Digital Photography Review

300mm prime lens for canon | Topdeblogs


I recently picked up a used Canon EOS 300 mm Prime lens. Previously I had an inexpensive Canon 70 – 300mm zoom lens which you can pick up for less than $500. It was ok but seems to disappoint often. What do you expect from a cheap lens right? Keep in mind there is an even cheaper lens on the market – the 75-300 and generally considered to be one of Canon’s poorest lenses; the IQ from the 70-300 is significantly superior. The 75-300 can be found or as little as $75. Don’t bother with the 75-300.

On a tripod with careful manual focus and lots of sunlight, I could get some great images like this copula on top of an one hundred year barn in Ely, Vermont. You can even make out the detail on the window screening if you look close enough. Cheap lenses usually fail in the areas of chromatic aberration (strange blotchy color areas), vignetting (darkening around the edges) and soft corners.

Whereas more expensive glass will handle colors better, create more creamy out of focus areas, have less vignetting and will be sharper in the corners. They might also be quieter with better focusing motors, made of higher quality materials like coated glass and metal enclosures and have an aperature that stays fixed on zooms or opens wider (faster lenses).

Ely Vermont Barn by Edward M. Fielding -
Ely Vermont Barn by Edward M. Fielding –

I was looking for a step up in quality for a long lens and spotted a “used” Canon EOS 300mm F/4 lens for around $600. When it arrived it appeared to be a brand lens, so maybe it was just an older version or discontinued version. It even came with a padded case.

The lens is built like a tank. All metal and with a nameplate and everything. And it weighs a ton. The cheaper 70-300 is all plastics. This 300 mm prime lens is all metal.

I carried the 300 mm on a couple of trips and man were my shoulders tired. This is not exactly a casual carry around lens. And the 300 mm focal length takes some getting used to because everything is pulled in so close. But in the right conditions having a 300mm on your camera is an excellent choice.

First off because this prime lens is tack sharp. Being a prime the engineers at Canon could spend all of their effort creating a lens that focuses on a single focal plane. With zoom lenses, compromises have to be made because of the variable focal length. Usually zooms suffer at one end of the range or another. Zooms with very long range suffer from engineering compromises more than others. For example, a Canon 16-35 mm wide-angle zoom is going to be better than a 24 – 105 mm zoom.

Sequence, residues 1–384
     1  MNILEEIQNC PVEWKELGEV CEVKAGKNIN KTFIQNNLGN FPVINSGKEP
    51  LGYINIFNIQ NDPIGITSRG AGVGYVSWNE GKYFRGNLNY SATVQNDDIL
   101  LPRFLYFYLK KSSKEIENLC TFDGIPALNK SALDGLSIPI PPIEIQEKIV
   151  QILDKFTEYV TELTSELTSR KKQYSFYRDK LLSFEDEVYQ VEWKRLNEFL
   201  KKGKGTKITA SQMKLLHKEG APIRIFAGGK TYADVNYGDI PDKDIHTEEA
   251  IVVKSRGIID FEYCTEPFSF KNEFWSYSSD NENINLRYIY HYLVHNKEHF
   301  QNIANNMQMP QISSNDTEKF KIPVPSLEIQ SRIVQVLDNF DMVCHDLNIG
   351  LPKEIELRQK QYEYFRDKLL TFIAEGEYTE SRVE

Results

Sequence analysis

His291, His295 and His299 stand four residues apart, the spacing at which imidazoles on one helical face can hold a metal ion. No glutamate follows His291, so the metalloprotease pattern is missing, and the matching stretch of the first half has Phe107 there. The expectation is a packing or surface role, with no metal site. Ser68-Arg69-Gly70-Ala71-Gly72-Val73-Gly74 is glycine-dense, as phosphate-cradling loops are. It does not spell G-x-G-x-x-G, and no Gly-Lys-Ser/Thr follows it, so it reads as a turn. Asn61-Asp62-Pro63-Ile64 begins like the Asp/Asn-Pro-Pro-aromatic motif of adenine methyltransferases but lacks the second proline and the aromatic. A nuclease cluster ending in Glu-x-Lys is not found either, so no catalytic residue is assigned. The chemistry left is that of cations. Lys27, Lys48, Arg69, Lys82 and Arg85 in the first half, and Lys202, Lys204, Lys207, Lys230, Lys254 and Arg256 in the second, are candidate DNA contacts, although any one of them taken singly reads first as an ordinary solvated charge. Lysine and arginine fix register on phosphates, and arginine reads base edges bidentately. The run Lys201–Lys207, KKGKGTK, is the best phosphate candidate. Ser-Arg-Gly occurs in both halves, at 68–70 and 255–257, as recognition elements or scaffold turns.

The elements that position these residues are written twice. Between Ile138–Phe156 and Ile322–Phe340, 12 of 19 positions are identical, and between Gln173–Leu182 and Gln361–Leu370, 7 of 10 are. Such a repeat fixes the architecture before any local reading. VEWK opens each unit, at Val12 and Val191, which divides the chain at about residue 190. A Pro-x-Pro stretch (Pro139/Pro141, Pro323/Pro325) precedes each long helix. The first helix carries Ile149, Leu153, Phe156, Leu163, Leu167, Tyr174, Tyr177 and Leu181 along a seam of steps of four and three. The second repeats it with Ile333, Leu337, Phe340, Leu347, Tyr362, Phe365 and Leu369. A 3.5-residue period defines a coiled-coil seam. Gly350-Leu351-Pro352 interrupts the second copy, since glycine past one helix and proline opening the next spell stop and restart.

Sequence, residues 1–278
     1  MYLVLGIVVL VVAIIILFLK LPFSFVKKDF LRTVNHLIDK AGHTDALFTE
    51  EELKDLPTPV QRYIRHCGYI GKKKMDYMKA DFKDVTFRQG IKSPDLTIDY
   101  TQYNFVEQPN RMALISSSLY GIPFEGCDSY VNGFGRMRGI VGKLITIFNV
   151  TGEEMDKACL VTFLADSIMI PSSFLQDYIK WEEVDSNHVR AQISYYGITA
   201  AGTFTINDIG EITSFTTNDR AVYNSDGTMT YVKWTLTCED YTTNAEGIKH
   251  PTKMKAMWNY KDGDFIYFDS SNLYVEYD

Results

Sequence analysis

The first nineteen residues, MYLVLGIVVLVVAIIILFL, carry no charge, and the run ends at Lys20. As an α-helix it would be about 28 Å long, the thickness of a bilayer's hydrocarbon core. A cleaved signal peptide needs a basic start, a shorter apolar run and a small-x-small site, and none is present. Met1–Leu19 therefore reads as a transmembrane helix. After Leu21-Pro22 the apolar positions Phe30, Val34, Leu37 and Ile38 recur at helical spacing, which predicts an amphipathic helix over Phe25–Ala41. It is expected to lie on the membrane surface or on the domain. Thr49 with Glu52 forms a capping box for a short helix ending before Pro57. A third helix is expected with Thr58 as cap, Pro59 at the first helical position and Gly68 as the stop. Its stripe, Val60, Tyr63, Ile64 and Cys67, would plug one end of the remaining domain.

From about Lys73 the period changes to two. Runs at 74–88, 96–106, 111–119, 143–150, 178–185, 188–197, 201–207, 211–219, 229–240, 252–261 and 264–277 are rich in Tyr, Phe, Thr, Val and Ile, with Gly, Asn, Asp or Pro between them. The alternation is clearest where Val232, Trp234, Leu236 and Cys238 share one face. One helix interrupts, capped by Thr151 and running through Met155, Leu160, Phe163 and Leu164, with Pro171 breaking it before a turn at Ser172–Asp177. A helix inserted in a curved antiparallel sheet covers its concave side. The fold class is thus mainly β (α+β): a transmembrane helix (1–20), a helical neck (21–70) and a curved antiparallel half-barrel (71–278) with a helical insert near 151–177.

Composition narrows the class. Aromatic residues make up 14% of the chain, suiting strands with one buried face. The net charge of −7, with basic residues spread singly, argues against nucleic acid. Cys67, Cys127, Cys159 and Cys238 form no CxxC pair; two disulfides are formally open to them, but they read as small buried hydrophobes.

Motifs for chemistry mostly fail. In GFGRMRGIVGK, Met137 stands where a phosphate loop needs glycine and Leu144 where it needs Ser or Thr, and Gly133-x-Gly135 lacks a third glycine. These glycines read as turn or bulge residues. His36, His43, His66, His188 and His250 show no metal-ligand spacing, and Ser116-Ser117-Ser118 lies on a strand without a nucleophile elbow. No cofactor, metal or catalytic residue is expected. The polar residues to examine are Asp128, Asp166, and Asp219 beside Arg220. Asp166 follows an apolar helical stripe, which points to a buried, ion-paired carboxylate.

Canon makes a lot of lenses in with a 300 mm reach. There is the more expensive version of the affordable one, the Canon EF 70-300mm f/4-5.6L IS USM UD Telephoto Zoom Lens for Canon EOS SLR Cameras with its white body, L series red ring and removable tripod collar.

This is a great lens for travel and it’s compact.

But I went for the fixed 300 mm prime because the price – less than $700 for the “used” lens and it’s an L quality pro lens. Here are some photographs I’ve taken with it lately.

California Seal Lions in La Jolla, San Diego –
Pink Flower, San Diego –
Artist at La Jolla San Diego California
Artist at La Jolla San Diego California

This photograph of an artist at work in La Jolla, San Diego, California, shows off the capabilities of this lens. The separation of subject and background is superb and the sharpness on the subject is amazing. You can even read writing on the back of the painting and see stubble on the man’s chin.

The lens has built-in lens stabilization but anytime you use a lens this long and try to hand hold it, be sure to lock in your elbows and set the shutter speed to 1/300 at a minimum. After a few cups of coffee, I like to have it even faster such as 1/1250 just to be sure you don’t get any motion blur.

One note about these heavy long lenses that come with lens collars. These lenses are so heavy that they are meant to be supported by the lens and not the body. They put a lot of strain on the camera mount. So support them with a tripod, monopod or hand under the lens.

Equipment used/mentioned:

  • Canon EOS 6D Camera (full frame DSLR for less than $1,000) –
  • Canon EF 70-300mm f/4-5.6 is II USM Lens (the inexpensive one)
  • Canon EF 70-300mm f/4-5.6L IS USM UD Telephoto Zoom Lens for Canon EOS SLR Cameras
  • Canon EF 300mm f/2.8L IS USM II Super Telephoto Lens for Canon EOS SLR Cameras (Fast version if you need f/2.8)

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